behaviourism

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behaviourism

(1) A school of psychology which holds that only overt (external) or observable behaviours can be reasonably analysed, and internal constructs (i.e., the mind, developmental stages, and psychoanalysis) are too subjective and intangible to be substantially examined. Modern behaviourism is exemplefied by BF Skinner’s school of operant conditioning.
(2) Behavioural intervention, see there.

be·hav·ior·ism

(bē-hāv'yŏr-izm)
A branch of psychology that formulates, through systematic observation and experimentation, the laws and principles that underlie the behavior of humans and animals; its major contributions have been made in the areas of conditioning andlearning.
Synonym(s): behavioral psychology, behaviourism.
References in periodicals archive ?
Behaviorists have also found that human decisions can be swayed by the comparative "salience" of choice options and by how the options are "framed" and "anchored," even by incidental considerations.
Science du comportement (1942) was the most faithful and far-reaching attempt to present behaviorist ideas to a French audience from a scientific perspective.
Behaviorists continue to be critical of the idea of using internal causes and explanations for behavior.
Indeed, for the Skinnerian behaviorist, everything the body does is
"When the 25 million American homes come to realize that the child has a right to a separate room and adequate psychological care there will not be nearly so many children born," the behaviorist added smugly.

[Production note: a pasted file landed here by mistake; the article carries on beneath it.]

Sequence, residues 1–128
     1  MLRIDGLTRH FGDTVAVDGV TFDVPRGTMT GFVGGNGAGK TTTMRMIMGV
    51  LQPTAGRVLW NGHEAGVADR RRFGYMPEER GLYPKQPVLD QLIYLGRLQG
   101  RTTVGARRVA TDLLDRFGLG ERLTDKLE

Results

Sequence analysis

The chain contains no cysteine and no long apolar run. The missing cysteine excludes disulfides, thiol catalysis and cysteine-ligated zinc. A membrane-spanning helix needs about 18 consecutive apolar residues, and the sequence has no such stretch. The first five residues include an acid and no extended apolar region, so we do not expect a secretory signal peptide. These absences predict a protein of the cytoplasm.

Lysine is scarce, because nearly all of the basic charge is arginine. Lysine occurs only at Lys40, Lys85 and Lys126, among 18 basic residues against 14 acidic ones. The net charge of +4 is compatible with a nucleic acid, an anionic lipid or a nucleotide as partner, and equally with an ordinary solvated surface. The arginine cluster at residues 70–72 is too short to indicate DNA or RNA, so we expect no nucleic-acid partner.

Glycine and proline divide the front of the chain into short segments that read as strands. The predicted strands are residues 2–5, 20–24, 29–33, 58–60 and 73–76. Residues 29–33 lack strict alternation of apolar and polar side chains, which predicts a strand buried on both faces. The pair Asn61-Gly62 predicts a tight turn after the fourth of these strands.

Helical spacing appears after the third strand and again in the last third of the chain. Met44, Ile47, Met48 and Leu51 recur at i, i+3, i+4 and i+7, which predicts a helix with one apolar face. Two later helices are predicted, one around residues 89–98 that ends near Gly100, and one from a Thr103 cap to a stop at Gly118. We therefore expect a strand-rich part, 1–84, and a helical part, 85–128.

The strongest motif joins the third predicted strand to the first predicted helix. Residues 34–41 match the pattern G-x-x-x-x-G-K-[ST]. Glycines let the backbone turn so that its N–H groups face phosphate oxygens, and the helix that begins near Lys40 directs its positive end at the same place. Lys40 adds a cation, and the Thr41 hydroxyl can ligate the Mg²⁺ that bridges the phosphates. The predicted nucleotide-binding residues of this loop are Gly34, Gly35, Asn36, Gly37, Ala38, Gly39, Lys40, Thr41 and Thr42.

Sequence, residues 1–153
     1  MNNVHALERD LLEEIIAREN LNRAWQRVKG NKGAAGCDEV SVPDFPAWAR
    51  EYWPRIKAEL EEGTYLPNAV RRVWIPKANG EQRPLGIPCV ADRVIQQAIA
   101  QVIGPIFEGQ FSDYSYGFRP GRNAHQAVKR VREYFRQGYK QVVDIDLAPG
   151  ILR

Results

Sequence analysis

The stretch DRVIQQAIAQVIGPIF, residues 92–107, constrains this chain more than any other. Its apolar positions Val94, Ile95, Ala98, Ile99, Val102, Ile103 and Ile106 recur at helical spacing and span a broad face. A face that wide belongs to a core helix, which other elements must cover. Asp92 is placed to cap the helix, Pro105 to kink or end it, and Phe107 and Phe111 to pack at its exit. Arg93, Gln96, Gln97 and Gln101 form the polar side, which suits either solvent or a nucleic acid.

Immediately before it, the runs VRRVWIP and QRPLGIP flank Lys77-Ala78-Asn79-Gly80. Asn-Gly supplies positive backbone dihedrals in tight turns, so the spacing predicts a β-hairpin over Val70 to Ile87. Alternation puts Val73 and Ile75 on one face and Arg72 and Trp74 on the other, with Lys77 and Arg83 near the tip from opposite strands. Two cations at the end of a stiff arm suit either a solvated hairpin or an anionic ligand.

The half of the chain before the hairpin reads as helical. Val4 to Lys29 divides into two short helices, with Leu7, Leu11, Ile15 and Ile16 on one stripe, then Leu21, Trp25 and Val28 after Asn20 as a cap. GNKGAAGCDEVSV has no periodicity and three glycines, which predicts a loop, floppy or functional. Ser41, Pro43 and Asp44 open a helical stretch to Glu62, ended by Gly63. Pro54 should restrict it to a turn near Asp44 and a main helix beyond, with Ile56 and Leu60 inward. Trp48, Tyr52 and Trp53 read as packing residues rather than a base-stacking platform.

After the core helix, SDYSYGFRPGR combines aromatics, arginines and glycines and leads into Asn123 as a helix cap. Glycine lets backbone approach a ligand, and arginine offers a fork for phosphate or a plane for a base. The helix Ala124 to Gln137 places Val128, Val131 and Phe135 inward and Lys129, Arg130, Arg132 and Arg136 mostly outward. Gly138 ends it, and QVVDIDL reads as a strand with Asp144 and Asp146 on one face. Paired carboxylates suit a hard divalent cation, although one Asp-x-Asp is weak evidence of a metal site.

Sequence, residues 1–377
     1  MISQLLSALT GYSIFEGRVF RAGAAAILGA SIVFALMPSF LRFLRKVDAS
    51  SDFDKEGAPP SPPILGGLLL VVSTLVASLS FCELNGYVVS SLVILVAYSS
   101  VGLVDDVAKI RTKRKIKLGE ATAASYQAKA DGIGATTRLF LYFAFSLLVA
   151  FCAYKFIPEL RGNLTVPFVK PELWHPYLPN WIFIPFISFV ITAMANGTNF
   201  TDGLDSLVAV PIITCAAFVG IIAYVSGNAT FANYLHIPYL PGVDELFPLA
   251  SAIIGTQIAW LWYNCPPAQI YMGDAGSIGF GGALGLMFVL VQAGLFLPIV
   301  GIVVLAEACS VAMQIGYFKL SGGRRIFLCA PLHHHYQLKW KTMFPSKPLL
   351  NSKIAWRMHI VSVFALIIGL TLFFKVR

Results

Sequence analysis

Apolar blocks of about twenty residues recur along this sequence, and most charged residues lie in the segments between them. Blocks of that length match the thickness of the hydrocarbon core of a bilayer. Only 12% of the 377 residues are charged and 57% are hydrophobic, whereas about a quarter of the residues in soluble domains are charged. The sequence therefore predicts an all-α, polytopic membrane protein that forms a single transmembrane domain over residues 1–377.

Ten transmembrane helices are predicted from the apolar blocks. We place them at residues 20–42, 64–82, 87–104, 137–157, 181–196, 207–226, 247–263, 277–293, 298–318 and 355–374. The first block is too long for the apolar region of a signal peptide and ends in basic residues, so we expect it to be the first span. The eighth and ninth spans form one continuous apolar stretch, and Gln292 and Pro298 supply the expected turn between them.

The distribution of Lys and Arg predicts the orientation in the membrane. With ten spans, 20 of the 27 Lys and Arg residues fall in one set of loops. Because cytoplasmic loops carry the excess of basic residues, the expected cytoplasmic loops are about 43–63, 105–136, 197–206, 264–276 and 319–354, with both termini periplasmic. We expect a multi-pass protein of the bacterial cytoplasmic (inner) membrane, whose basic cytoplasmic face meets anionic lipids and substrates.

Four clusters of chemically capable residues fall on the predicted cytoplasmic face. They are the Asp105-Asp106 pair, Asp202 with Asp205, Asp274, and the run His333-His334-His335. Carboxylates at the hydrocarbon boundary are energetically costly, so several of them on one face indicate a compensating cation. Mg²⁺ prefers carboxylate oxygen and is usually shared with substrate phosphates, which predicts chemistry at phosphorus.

In contrast to the problems surrounding the definition of job satisfaction, however, research by organizational behaviorists on these two variables in numerous studies has concluded that there is no simple direct relationship between job attitudes, including job satisfaction, and job performance (Pinder, 1984, p.
Houpt is a diplomate of the American College of Veterinary Behaviorists and emeritus professor at Cornell University College of Veterinary Medicine.
I took him to a veterinary behaviorist [Diplomates of the American College of Veterinary Behaviorists (DACVB) are veterinarians who have attained specialist status in veterinary behavior] and she gave him the diagnosis of canine separation anxiety and canine obsessive-compulsive disorder.
Worth are two of the most dog-friendly cities in the US, we felt dog owners in these cities needed somewhere they can go to get help, even when they do not have the money to hire a trainer or behaviorist,” said Juan Faura, the host of Paw Talk.
Traffic scientists, specialists in nonlinear systems, and animal behaviorists have cooperated in a study of one of the natural geniuses of transportation engineering: the black garden ant of Europe.
Aggression is the most common and most serious canine behavior problem animal behaviorists encounter, according to the ASPCA.
With fewer than 100 certified behaviorists in the entire United States (many of whom do not work with companion animals), the dog population would be seriously underserved if there were not other qualified behavior and training professionals to be found.